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remi

mircosecond

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Hi all! I would like to know if it''s a function like Sleep() but that can make the program stop just for some mircoseconds. The error should not be more than 2 microseconds. I believe that with faster CPU with have nowadays, it should not be very hard to achieve that, but i was unable to find such a function. Any help is welcome(it''s urgent plz).

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Not really. you can do with with some RealTime OS''s, but not with windows (afaik) and not even with linux without some "make linux a RTOS" patch.

its not CPU, really, its clock rate. Most OS''s keep the clock rate down real around 100hz (linux 2.6 uses 1000, i believe) because the higher you go, the more overhead is involved.

problem is, this low you can''t get resolutions of 2 microseconds easily.

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no, it is not possible to achieve that with any normal desktop OS ... period.

The reason is simple, the OSes are pre-emptive multi-tasking, with a scheduler whose job it is to maintain fair resource allocation for competing tasks, without undue reasource waste ... the absolute BEST multithreaded OS for the desktop was BeOS, which had a scheduler with 1ms (millisecond, not microsecond) accuracy, this means that in BeOS, if your thread has sufficiently high priority, the sleep function is usually acurate to +- 0.5 ms. Traditionally, windows 32, I know windows 95 and 98 specifically, had a scheduler that was only accurate to the 18.2 FPS timer, aka 55 ms. This was so attrocious as to be completely useless for modern games ... so people did not use it.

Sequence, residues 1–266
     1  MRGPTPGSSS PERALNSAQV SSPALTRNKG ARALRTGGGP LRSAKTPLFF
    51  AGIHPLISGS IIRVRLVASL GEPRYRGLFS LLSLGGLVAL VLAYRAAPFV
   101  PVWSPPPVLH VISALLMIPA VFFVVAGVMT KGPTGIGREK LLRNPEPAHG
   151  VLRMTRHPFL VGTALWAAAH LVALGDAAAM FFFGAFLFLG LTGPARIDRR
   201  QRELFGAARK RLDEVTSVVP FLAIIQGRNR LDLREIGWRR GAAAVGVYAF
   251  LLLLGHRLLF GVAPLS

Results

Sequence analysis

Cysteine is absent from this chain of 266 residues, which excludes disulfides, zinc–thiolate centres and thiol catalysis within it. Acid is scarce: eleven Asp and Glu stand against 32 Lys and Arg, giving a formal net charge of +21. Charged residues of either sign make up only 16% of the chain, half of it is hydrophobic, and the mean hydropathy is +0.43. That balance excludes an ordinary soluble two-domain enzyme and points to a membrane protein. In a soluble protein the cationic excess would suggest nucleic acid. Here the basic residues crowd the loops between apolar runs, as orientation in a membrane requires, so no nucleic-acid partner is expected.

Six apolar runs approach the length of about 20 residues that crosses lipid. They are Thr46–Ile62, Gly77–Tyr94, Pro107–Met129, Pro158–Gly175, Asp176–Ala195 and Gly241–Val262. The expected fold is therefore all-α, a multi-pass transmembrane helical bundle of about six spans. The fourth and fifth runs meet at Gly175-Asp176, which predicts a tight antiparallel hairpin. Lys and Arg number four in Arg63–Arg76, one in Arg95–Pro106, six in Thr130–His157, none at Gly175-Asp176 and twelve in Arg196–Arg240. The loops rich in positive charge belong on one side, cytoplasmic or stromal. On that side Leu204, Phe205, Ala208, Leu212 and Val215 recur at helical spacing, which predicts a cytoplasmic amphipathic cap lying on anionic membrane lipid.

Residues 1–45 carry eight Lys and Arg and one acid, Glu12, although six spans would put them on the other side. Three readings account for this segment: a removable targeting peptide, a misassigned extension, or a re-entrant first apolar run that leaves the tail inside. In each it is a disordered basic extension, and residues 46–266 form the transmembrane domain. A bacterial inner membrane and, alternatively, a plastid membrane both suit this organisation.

An OS could, and some real time OSes due, give timer and wakeup accuracy in the 2-4 um (microsecond) range, but this is the best I have seen to date, and only realy works when there are not many important system threads competing to draw the screen, manage resources, etc ... these OSes usually do not even run a graphical desktop, because they are used for network switching fabric, audio/video feed routing, etc ... normal OSes do not drop to this level, because it is completely inconsistent with trying to acheive efficient use of a processor, on a system which takes more than 1um per normal operation ...

think for a second, 1 um means 1 MHz, if the processor is running at say 1GHz (which is 3 times lower than the top end, and about 3 times higher than the current bottom end), that only gives you 1000 clock cycles to use for all other threads before returning to the current one ... remmber that task switching uses a fair number of clock cycles, as do the operations actually performed by the other threads ... also, the memory itself is more likely running around 266 MHz, 64 bit wide, not couting access latency ... which gives you only the ability to read and write about 500 integers per time slice, maximum ... the real world is MUCH MUCH less (my guess is more like 50-100).

Basically, an OS which tried to achieve such precision would only be suitable with 2 conditions, 1 - the application and facilities used by it (including all needed OS functions) almost completely fits inside cache memory (at least during any given segment of operation), 2 - there are no more than 1-3 threads of any primary importance running in the system, and not more than 5-9 of any significance whatsoever ... else the thrashing would destoy performance.